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7 Huge Misconceptions About Communism (and Capitalism)

Most of what Americans think they know about capitalism and communism is total nonsense. Here's a clearer picture.
 
 
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Photo Credit: By John Mayall [Public domain], via Wikimedia Commons

 

As the commentary around the recent deaths of Nelson Mandela, Amiri Baraka and Pete Seeger made abundantly clear, most of what Americans think they know about capitalism and communism is arrant nonsense. This is not surprising, given our country’s  history of Red Scares designed to impress that anti-capitalism is tantamount to treason. In 2014, though, we are too far removed from the Cold War-era threat of thermonuclear annihilation to continue without taking stock of the hype we’ve been made, despite  Harry Allen’s famous injunction, to believe. So, here are seven bogus claims people make about communism and capitalism.

1. Only communist economies rely on state violence.

Obviously, no private equity baron worth his weight in leveraged buyouts will ever part willingly with his fortune, and any attempt to achieve economic justice (like taxation) will encounter stiff opposition from the ownership class. But state violence (like taxation) is inherent in every set of property rights a government can conceivably adopt – including those that allowed the aforementioned hypothetical baron to amass said fortune.

In capitalism, competing ownership claims are settled by the state’s willingness to use violence to exclude all but one claimant. If I lay claim to one of David Koch’s mansions, libertarian that he is, he’s going to rely on big government and its guns to set me right. He owns that mansion because the state says he does and threatens to imprison anyone who disagrees. Where there isn’t a state, whoever has the most violent power determines who gets the stuff, be that a warlord, a knight, the mafia or a gang of cowboys in the Wild West. Either by vigilantes or the state, property rights rely on violence.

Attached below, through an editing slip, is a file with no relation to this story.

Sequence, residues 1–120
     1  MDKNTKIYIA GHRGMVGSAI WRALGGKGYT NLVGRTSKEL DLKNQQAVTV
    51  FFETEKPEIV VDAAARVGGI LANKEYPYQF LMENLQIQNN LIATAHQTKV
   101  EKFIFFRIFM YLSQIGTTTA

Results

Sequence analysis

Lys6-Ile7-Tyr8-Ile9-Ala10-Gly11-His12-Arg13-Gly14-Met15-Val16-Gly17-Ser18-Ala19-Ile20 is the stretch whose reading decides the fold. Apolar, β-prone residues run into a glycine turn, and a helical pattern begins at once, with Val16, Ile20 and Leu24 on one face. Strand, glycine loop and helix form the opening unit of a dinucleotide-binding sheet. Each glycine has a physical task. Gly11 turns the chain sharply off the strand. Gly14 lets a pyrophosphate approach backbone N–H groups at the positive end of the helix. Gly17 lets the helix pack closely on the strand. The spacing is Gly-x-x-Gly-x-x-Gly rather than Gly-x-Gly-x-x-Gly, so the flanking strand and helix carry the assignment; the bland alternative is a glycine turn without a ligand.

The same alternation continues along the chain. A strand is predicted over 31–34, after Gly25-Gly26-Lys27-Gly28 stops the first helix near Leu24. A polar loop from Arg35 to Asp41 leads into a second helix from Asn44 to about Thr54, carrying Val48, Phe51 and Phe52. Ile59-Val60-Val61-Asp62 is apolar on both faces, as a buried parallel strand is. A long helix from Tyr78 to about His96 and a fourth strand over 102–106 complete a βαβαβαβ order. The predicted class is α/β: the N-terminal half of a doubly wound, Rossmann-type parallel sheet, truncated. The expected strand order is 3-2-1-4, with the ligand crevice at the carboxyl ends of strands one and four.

This is true both of personal possessions and private property, but it is important not to confuse the two. Property implies not a good, but a title – deeds, contracts, stocks, bonds, mortgages, &c. When Marxists talk of collectivizing ownership claims on land or “the means of production,” we are in the realm of property;  when Fox Business Channel hosts move to confiscate my tie, we are in the realm of personal possessions. Communism necessarily distributes property universally, but, at least as far as this communist is concerned, can still allow you to keep your smartphone. Deal?

2. Capitalist economies are based on free exchange.

The mirror-image of the “oppressive communism” myth is the “liberatory capitalism” one. The idea that we’re all going around making free choices all the time in an abundant market where everyone’s needs get met is patently belied by the lived experience of hundreds of millions of people. Most find ourselves constantly stuck between competing pressures and therefore stressed out, exhausted, lonely, and in search of meaning. — as though we’re not in control of our lives.

We aren’t; the market is. If you don’t think so, try and exit “the market.”  The origin of capitalism was depriving British peasants of their access to land (seizure of property, you might call it), and therefore their means of subsistence, making them dependent on the market for their survival. Once propertyless, they were forced to flock to the dreck, drink and disease of slum-ridden cities to sell the only thing they had – their capacity to use their brains and muscles to work – or die. Just like them, the vast majority of people today are deprived of access to the resources we need to flourish, though they exist in abundant quantities, so as to force us to work for a boss who is trying to get rich by paying us less and working us harder.